The archaeological promenade, a 2.5 miles long, treeline walkway now connects the Acropolis to the city’s major ancient sites making the visit to these places infinitely a much more pleasant experience.

While for most visitors  Athens  may be about its historical monuments the  city  has much more to offer.  Athens  promises one of the most happening nightlife options in Europe with everything on offer from the modern tavernas in the former district of Gazi to the sophisticated lounge-bars and eateries of Kolonaki.

 Athens  is well connected by Europe’s largest passenger port, Piraeus. The port serves more than one million of visitors who have the option of taking ferries, catamarans and hydrofoils to the various Greek islands. Piraeus is the gateway for short cruises around the Greek Islands and many companies stop here en route to their Mediterranean and world cruises. Visitors can disembark and explore the hilltop Acropolis, the Parthenon and Delphi.

When to go to  Athens 

 Athens  invites visitors all year round. For sightseeing, the best time to visit is during spring and autumn when the days are warm and sunny. The temperatures sore from mid-June to late August, while the whether remains unpredictable November and February ranging from bright to rainy to occasional snow.

How to reach

Olympic Air and Aegean Airlines operate direct flights from several countries. The cost of flights to Greece is highest from July and August when most Europeans take their holidays. For the rest of the year, prices vary according to demand.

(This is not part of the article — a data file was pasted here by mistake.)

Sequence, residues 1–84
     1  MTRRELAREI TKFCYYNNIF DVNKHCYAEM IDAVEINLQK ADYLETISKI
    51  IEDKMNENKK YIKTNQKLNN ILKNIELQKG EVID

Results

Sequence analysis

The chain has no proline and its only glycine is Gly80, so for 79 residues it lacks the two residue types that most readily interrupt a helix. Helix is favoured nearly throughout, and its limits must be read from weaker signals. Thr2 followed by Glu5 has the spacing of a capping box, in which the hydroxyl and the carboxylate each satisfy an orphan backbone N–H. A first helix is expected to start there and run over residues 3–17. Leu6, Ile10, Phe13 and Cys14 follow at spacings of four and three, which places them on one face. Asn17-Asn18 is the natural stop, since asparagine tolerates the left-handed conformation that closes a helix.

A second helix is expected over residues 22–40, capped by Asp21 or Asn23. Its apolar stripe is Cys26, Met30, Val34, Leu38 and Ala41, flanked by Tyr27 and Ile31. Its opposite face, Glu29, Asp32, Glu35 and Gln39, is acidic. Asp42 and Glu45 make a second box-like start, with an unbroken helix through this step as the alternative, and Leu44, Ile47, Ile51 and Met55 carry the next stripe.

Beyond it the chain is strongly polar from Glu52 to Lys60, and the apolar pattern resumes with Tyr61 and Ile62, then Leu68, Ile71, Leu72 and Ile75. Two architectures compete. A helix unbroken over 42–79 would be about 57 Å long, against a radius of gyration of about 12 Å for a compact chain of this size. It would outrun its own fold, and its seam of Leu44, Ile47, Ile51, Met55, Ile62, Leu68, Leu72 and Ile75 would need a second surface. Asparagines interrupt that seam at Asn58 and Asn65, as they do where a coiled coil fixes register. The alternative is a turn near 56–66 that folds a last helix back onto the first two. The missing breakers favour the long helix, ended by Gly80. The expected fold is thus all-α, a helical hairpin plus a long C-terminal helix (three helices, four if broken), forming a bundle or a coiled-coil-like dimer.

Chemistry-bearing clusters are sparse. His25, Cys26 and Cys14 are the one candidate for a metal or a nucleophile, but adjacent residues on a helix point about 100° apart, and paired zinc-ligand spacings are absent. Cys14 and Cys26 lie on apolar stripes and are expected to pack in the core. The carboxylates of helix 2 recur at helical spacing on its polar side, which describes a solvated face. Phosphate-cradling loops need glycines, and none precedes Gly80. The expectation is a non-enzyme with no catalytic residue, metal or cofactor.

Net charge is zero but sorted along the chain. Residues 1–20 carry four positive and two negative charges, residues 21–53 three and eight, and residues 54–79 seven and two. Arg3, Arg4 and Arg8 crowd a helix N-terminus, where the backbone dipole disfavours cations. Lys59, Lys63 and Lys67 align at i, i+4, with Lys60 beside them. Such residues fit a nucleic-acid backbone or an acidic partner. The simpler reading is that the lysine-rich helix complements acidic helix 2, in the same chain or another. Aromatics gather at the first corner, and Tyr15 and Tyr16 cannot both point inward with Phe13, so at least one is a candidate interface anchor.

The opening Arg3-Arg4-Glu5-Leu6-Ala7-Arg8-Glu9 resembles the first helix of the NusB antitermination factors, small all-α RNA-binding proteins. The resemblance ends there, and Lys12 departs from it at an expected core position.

Cruises

Cruise ships disembark passengers at the  city’s  port, Piraeus, which is about 8miles from  Athens   city   centre . Shuttle buses ferry passengers from the port to the city centre. Their frequency and cost depends on the cruise ship company involved. The metro (green line) also runs from Piraeus to Monastiraki, below the Acropolis and taxis are also available.

Transfers

 Athens  International Airport is about 17 miles north-east of the  city . The metro connects to Syntagma and Monastiraki in the city centre. Besides there are airport buses, operated by  Athens  Urban Transport Organisation that run to and from the  city . Taxi services are also available.

Getting around

 Athens  is best explored on foot, however, public transport system is both efficient and cheap. It includes buses, trolley buses and the metro. You can also hire a car in  Athens   city   centre . However, roads are congested and parking is difficult and expensive.

Accommodation

There are several options available including Greece villas, hotels and guesthouses. The peak months are July and August and so if you are visiting during this period, it is advisable to book accommodation in advance.

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Things to Do in Athens

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There is an abundance of places to go and things to do in the  city  of  Athens , Greece. You should have no trouble filling your time in  Athens  with wonderful memories and beautiful snapshots. Here are some places to get you started:

Make sure that you see the Acropolis and the Parthenon. This is known as one of the many wonders of the ancient world. Not only is this a great place to spend your time, but also your money. There is a ticket you can purchase that allows you to see the other major archaeological sites as well.

Traveling overseas is an expensive thing to do, even if you budget wisely, but that doesn’t mean that you need to limit the sightseeing that you do to bare minimum.